Beach House’s Alex Scally on Electric Lady Studios, Twitter and the band’s latest, Bloom
Teen Dream, the 2010 album from Baltimore dream-pop duo Beach House, is a tough act to follow. It’s dark, ethereal, haunting, and still somehow a very accessible pop record. And yet Bloom, this year’s follow-up, is no letdown — it’s a logical extension of the distinct sound that guitarist Alex Scally and singer Victoria Legrand have been honing since 2004. The Pitch recently caught up with Scally on a break from Beach House’s tour, which includes a stop at the Granada Tuesday, July 10.
The Pitch: What did it feel like walking into Electric Lady Studios for the first time to mix Bloom?
Scally: We were mostly nervous we were going to fuck up our own thing, and we were pretty much obsessed with what we were doing. There wasn’t really much time to savor thinking about Young Americans or Stevie Wonder recording there. We mostly had to be like, “OK, we have to finish this record.”
There were times when I thought this would be a nice sentiment to share with the grandkids one day. The thing is, they’ve redone it, so it doesn’t look like it did back then. I think they should have tried to maintain how it looked in the past. Now it’s kind of glossed over and it kind of looks like an apartment from the mid-2000s. They kept the murals that Jimi Hendrix did, and those are really amazing. They’re almost ’80s style. He was really ahead of his time. Other than that, it’s just very clean-looking.
You’re on record as not being a fan of Twitter. Do you think social media is getting out of control and the truly important things are kind of getting drowned out?
Um, yeah, without a doubt. I mean, I think it can be very useful. Twitter is an interesting thing, but with everything, it’s being misused. It’s really boring, the stuff people say. We just try to use it as an informational thing more than anything by sharing a great song [or] another band that just put out an amazing album, [or] talk about the shows we have, and not be like, “Oh, my God, I just did Pilates, and my butt hurts,” which is so awful to put into the universe and so meaningless. It’s just sick. It’s allowing people to be brutally narcissistic 24 hours a day. A friend of mine pointed out, though, that the people who are like that online were always like that, and we can just see who they are now, which is an interesting way to look at it. But I think it’s also encouraging it in a bad way. It’s allowing people to be really self-indulgent. It’s an addiction at that point for sure.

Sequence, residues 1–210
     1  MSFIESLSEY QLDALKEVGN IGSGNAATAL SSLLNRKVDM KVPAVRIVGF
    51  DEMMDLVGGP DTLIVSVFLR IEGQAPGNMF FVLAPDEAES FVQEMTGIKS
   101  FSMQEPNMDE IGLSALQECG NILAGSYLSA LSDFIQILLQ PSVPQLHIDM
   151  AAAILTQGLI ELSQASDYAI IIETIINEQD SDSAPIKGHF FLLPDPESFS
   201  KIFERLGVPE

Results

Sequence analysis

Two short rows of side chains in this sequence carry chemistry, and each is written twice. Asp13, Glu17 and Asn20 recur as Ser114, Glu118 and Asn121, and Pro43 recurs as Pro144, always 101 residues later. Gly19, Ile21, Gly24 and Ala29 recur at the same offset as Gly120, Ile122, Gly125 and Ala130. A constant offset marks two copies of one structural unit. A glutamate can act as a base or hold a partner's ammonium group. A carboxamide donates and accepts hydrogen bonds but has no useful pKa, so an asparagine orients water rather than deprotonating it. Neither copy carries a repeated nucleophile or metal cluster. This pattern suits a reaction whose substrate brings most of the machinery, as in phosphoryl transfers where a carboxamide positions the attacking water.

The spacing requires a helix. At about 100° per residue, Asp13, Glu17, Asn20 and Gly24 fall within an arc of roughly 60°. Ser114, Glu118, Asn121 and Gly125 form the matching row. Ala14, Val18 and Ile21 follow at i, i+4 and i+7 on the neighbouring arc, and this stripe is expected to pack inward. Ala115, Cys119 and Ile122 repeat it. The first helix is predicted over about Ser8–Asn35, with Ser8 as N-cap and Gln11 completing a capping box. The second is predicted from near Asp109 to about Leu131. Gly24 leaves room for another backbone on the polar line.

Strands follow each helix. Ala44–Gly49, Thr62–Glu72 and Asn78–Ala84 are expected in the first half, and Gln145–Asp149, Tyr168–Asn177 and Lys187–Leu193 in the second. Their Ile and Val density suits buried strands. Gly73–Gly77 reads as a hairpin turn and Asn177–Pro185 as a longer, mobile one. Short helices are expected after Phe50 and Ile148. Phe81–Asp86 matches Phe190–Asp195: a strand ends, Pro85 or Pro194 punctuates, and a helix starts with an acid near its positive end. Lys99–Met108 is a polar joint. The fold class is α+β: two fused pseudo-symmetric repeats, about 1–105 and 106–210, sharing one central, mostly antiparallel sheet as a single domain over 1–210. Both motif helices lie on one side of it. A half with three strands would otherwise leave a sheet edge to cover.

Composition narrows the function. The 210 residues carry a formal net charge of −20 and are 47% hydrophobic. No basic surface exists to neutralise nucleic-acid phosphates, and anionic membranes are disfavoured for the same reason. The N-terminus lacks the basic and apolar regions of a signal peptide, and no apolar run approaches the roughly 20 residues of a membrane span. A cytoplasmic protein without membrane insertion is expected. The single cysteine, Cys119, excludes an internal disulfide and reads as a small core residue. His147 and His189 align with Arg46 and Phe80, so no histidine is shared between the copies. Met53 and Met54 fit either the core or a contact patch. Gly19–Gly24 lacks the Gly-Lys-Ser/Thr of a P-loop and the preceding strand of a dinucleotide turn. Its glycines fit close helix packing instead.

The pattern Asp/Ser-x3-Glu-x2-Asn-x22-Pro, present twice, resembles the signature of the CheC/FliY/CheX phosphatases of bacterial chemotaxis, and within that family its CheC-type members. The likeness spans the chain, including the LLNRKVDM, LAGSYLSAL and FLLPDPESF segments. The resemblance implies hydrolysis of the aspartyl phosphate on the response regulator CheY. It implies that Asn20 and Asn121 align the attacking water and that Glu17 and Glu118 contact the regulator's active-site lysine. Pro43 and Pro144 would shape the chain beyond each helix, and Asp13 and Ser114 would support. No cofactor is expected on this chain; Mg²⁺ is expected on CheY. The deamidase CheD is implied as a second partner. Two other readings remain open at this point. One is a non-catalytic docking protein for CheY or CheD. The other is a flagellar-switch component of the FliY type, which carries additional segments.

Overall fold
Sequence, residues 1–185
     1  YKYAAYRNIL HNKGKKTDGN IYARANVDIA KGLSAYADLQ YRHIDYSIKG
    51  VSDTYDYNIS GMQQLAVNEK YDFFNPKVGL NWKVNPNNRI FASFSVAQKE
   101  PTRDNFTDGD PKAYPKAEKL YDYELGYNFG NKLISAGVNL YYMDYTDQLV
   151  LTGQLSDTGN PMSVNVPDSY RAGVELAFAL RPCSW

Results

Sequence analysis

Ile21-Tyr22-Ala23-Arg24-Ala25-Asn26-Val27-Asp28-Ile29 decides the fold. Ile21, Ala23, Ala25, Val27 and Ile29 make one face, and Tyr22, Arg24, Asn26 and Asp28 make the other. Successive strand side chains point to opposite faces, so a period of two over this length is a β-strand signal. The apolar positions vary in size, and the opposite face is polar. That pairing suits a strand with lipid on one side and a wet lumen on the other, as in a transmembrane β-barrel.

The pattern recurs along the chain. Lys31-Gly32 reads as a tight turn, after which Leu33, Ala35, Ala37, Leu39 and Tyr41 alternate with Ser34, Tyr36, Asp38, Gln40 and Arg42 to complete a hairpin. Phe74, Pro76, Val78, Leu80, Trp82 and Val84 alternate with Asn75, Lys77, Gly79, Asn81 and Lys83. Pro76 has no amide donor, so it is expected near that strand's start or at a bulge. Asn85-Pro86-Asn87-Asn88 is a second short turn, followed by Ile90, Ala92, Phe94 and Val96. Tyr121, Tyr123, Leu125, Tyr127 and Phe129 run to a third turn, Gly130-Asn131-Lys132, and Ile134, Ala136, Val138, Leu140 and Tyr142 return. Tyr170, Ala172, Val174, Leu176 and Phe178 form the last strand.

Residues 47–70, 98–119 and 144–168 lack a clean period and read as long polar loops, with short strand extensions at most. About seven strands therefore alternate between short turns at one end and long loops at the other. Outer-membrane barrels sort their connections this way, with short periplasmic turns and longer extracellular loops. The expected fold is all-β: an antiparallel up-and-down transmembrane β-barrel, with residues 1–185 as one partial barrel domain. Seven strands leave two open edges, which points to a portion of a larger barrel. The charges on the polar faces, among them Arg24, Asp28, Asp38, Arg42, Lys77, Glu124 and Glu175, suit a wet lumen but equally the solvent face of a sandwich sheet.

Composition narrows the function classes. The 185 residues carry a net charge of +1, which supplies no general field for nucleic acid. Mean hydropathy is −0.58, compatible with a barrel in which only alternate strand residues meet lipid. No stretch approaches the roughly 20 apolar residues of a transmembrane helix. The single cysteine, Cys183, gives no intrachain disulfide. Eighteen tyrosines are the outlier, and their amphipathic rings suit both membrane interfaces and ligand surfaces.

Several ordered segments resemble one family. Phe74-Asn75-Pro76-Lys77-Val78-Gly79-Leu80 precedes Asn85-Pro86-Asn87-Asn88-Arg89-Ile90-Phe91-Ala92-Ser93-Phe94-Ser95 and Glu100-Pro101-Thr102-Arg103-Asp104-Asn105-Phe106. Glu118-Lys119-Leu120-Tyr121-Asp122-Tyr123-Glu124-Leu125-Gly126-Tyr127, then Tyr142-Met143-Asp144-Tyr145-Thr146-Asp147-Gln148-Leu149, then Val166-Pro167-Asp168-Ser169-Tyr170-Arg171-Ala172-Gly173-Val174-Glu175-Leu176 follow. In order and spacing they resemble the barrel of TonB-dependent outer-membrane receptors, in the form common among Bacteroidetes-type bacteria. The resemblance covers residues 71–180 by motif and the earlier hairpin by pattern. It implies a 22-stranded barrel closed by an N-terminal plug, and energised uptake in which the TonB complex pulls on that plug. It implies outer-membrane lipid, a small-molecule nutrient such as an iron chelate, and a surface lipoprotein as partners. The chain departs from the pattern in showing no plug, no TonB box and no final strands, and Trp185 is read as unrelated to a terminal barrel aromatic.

How do you think Bloom differs from Teen Dream?
Well, this is our fourth record. Some people have said it’s similar, but I don’t know what they’re hearing. I don’t want to try to convince people or tell them what’s different. Personally, I feel it’s a wildly different record. Every single one feels very different to me. That’s what happens to an artist. They finish a tour, make the next record, and it’s just different. It’s not a self-conscious thing. People are changing, evolving, getting older and having taste growing and changing. It’s stupid to say how it’s different. Everyone’s ears are different.
How much attention do you pay to those critics?
It’s hard to say. Everybody hears something different, so I try not to think too much about good or bad reviews. A lot of the good reviews — honestly, I didn’t think they were good reviews. [Laughs.] Just because it’s positive doesn’t make it a good review, in my opinion. I think music listening, in general, is at an all-time low. People, especially music reviewers, have so much to listen to. I don’t think you get an album in less than five listens. And I’m an audiophile. I hear everything the first time, but I still don’t get it until I’ve heard it five or 10 times. I don’t think people give that kind of attention to music anymore. But that’s what it deserves. Like, you would never go to a museum and walk by a painting in four seconds. I see people doing that all the time. But that’s not what a work deserves. You wouldn’t watch a film and be on your phone the whole time.
How much do you think your own obsession and tenacity play into the band’s success?
When I see people who are good musicians but aren’t doing anything with it, I often think, “This person is far less obsessive than I am.” I think tenacity is one word for it, but I’m also a compulsive person. I was playing the organ before you called. It’s just what I do. I don’t really read at this point in my life. Music is just the thing I’ve done for a really long time. Sometimes it feels awful, like very dark, gross and weird. But it’s my entire existence, playing music.